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Thread: Total newbie

  1. #1

    Default Total newbie

    So I decided to get into this to add to my plethora of hobbies, why not? I bought a handful of oils that seem to be popular in fragrance making: sandalwood, cedarwood, bergamot, vetiver, patchouli, many more.

    When they first came in, I obviously opened each one and gave it a little sniff. They are very powerful, and somehow they all smell the same. Maybe not the same odor but the same bite, I don't know.

    I made 4 mixes that I thought would work well together, again, just strong. I think I learned quickly that it's the final diluted product that will smell extremely different(and better) than the concentrated oils. It is through the maturing process where they start to work together to get their final odor.

    It seems that we need to have enough foresight(or forescent I guess) to estimate what the final product will smell like. I can say that I'm not really pleased with how it is right now.

    Like I said, I have no idea what I'm doing, and think that, like everyone else, I'm just going to learn through experimentation. I'm a little worried that I'm doing this all wrong at the same time. Can someone pat me on the back and tell me everything is going to be okay? haha Can someone explain what happens during the maturing process and what I or any other newbie would need to know?

    Cheers,
    Dan

  2. #2

    Red face Re: Total newbie

    My words of advice are practice, practice, and practice some more. It is like learning to play the piano...It takes time..Get to know your ingredients, learn the strength of the oils, some will take over and others are faint....After they sit and mature ...in 1 month maybe you will smell mostly one base note. Learn from that. Some of the top notes will have faded and you won't smell them.......Note that in a book. Keep records.

    I have been making aromatherapy blends and natural perfumes for 15 years....I don't know everything....Some combinations don't work for me....just have fun and experiment..

    Rome wasn't built in a day...

    Just play with the oils and see what works for you....

    JoAnne
    JoAnne Bassett, Perfumer
    http://www.JoAnneBassett.com

  3. #3

    Default Re: Total newbie

    Quote Originally Posted by JoAnne View Post
    My words of advice are practice, practice, and practice some more. It is like learning to play the piano...It takes time..Get to know your ingredients, learn the strength of the oils, some will take over and others are faint....After they sit and mature ...in 1 month maybe you will smell mostly one base note. Learn from that. Some of the top notes will have faded and you won't smell them.......Note that in a book. Keep records.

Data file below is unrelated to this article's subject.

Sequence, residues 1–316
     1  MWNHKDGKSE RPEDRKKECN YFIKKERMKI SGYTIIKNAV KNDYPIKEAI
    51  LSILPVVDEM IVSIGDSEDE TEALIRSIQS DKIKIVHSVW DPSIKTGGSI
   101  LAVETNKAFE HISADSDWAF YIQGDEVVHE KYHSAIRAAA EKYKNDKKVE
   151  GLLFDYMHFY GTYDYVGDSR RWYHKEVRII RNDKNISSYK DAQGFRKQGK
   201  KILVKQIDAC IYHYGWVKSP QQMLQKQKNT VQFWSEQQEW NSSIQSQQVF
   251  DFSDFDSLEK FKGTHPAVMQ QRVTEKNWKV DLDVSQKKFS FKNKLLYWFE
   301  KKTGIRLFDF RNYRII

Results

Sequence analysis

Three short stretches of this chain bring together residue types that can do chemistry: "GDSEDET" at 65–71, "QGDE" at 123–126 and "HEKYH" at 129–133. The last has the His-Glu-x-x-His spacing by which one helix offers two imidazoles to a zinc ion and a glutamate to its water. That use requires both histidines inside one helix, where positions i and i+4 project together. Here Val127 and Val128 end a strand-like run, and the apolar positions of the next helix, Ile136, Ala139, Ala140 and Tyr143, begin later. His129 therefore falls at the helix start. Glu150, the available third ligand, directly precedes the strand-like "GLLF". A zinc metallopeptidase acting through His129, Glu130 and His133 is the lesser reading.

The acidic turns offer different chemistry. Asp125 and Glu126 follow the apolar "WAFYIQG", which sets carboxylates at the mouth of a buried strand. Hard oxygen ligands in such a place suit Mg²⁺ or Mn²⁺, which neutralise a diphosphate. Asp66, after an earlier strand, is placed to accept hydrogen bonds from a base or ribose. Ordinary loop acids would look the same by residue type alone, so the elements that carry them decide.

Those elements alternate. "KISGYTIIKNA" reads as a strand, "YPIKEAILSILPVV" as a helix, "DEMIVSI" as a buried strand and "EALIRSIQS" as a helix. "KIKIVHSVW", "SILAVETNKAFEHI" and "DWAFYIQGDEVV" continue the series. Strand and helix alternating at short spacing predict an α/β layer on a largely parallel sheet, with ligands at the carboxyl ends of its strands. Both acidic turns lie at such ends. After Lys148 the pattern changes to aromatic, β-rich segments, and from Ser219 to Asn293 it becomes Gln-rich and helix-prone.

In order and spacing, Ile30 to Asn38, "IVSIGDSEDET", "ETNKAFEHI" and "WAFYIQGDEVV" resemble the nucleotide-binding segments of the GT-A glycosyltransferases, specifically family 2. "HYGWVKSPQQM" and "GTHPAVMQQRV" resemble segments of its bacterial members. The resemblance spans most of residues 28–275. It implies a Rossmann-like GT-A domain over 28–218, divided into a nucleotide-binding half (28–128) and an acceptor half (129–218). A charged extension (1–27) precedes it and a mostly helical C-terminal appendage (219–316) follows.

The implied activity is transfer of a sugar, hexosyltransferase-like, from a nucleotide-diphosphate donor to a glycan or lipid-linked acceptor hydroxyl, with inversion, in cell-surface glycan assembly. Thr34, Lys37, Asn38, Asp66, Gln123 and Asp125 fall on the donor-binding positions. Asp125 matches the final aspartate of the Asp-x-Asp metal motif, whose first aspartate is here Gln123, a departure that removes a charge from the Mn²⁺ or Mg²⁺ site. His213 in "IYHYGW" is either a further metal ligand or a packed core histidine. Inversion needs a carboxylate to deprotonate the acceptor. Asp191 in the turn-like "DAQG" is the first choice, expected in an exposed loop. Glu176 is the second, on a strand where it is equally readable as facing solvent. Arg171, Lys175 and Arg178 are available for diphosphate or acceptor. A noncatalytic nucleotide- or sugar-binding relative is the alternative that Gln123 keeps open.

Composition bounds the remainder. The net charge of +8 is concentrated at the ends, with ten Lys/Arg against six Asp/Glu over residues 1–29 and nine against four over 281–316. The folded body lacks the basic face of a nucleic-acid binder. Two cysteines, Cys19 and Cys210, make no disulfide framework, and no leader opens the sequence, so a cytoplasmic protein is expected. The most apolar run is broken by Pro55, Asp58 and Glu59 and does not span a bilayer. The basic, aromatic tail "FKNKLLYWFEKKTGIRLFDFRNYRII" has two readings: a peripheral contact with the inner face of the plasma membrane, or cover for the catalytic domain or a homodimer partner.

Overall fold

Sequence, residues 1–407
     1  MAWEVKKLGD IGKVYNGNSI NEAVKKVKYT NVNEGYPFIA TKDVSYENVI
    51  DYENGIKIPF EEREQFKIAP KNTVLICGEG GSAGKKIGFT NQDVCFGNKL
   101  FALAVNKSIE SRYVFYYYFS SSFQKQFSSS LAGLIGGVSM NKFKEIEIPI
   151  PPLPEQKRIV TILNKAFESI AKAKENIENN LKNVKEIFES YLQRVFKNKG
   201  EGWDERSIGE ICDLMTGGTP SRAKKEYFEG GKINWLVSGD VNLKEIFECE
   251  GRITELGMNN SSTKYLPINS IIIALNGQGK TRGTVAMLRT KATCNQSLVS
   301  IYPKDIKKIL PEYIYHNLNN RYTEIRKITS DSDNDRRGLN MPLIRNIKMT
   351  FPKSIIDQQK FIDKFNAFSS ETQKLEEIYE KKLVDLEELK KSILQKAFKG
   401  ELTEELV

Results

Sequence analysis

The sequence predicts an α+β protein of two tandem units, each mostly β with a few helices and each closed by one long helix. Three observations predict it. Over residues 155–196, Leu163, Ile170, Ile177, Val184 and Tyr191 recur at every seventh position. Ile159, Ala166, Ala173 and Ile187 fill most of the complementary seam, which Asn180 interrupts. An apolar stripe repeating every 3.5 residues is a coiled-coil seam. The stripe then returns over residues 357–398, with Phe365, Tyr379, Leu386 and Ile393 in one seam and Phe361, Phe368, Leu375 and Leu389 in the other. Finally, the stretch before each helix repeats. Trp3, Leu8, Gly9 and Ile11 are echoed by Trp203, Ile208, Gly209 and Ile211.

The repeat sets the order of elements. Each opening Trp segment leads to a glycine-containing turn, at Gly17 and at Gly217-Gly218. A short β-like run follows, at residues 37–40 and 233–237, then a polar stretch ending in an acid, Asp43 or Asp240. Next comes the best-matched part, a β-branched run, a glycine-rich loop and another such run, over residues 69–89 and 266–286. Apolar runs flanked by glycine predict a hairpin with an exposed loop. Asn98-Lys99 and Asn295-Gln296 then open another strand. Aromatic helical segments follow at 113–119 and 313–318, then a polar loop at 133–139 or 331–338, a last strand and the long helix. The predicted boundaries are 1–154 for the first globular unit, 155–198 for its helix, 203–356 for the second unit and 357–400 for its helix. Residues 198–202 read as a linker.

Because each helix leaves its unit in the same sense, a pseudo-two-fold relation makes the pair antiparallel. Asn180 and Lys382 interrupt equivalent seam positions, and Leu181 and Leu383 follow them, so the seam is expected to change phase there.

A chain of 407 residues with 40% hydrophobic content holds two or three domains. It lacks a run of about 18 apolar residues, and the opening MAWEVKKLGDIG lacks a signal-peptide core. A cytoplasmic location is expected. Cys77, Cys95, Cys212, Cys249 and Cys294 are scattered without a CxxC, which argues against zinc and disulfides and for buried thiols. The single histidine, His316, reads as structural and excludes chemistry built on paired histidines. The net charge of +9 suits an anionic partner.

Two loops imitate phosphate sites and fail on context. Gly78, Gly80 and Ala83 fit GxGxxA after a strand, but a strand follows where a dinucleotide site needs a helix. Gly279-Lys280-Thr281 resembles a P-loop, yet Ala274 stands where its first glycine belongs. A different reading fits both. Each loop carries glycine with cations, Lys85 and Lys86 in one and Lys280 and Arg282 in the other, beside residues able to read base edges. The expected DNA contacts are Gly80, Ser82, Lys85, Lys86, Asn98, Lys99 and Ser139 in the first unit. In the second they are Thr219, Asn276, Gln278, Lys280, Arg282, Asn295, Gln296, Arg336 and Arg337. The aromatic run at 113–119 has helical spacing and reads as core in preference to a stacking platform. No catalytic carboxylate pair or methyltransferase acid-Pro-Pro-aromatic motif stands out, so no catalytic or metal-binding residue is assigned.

I have been making aromatherapy blends and natural perfumes for 15 years....I don't know everything....Some combinations don't work for me....just have fun and experiment..

    Rome wasn't built in a day...

    Just play with the oils and see what works for you....

    JoAnne
    Thanks for the reply.

    Oh I know about practice, I play 4 instruments

    I guess my question is, how close should the final product smell(after a month) to the mixture I have now? Many of the scents are very sharp smelling, which I hope will fade and be a little more subtle later. Should I expect a huge chance or only very small?

  4. #4

    Default Re: Total newbie

    Because I don't know your exact formula I will just say that vetiver and patchouli are very strong and can really take over a blend...esp patch...

    In 4 weeks it will mellow....If you used too much patchouli...good luck...it will need to be diluted way down. The mixture should be much more rounded and it will not smell much like what you have now. The oils "marry" and it becomes something greater than the individual parts. That is the great thing......it is a mystery until you open it and smell it in a month.....

    Make several experiments on the same theme just tweaking the formula a little...

    JoAnne
    JoAnne Bassett, Perfumer
    http://www.JoAnneBassett.com

  5. #5

    Default Re: Total newbie

    Quote Originally Posted by JoAnne View Post
    Because I don't know your exact formula I will just say that vetiver and patchouli are very strong and can really take over a blend...esp patch...

    In 4 weeks it will mellow....If you used too much patchouli...good luck...it will need to be diluted way down. The mixture should be much more rounded and it will not smell much like what you have now. The oils "marry" and it becomes something greater than the individual parts. That is the great thing......it is a mystery until you open it and smell it in a month.....

    Make several experiments on the same theme just tweaking the formula a little...

    JoAnne
    Well like I said, I put together several blind mixtures(really blind).

    Here's one
    14 drops of Bergamot
    2 drops of vanilla
    3 drops of sandalwood
    3 drops of cedarwood

    two:
    10 drops of lime
    8 drops of lavender
    3 drops of lemongrass

    three:
    3 drops of bergamot
    2 drops of frankincense
    3 drops of cedarwood

    four:
    3 drops of sandalwood
    2 drops of cedarwood
    5 drops of sage
    2 drops of veviter
    10 drops of bergamot
    3 drops of patchouli
    6 drops of ginger

    I don't know what I was going for with that last one hah..

  6. #6

    Red face Re: Total newbie

    Four has lots of base notes...have you read any books or taken any classes on making perfume or aromatherapy blends?

    That would really help.........
    JoAnne
    JoAnne Bassett, Perfumer
    http://www.JoAnneBassett.com

  7. #7

    Talking Re: Total newbie